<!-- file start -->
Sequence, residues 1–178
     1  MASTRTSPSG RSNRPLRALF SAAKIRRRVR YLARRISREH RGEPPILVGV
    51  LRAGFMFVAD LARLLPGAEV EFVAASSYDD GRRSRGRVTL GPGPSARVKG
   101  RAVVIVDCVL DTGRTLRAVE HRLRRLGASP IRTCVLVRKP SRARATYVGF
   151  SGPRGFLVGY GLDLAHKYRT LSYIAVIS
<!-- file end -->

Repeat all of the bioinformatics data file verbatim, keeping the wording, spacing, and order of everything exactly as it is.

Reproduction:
Sequence, residues 1–178
     1  MASTRTSPSG RSNRPLRALF SAAKIRRRVR YLARRISREH RGEPPILVGV
    51  LRAGFMFVAD LARLLPGAEV EFVAASSYDD GRRSRGRVTL GPGPSARVKG
   101  RAVVIVDCVL DTGRTLRAVE HRLRRLGASP IRTCVLVRKP SRARATYVGF
   151  SGPRGFLVGY GLDLAHKYRT LSYIAVIS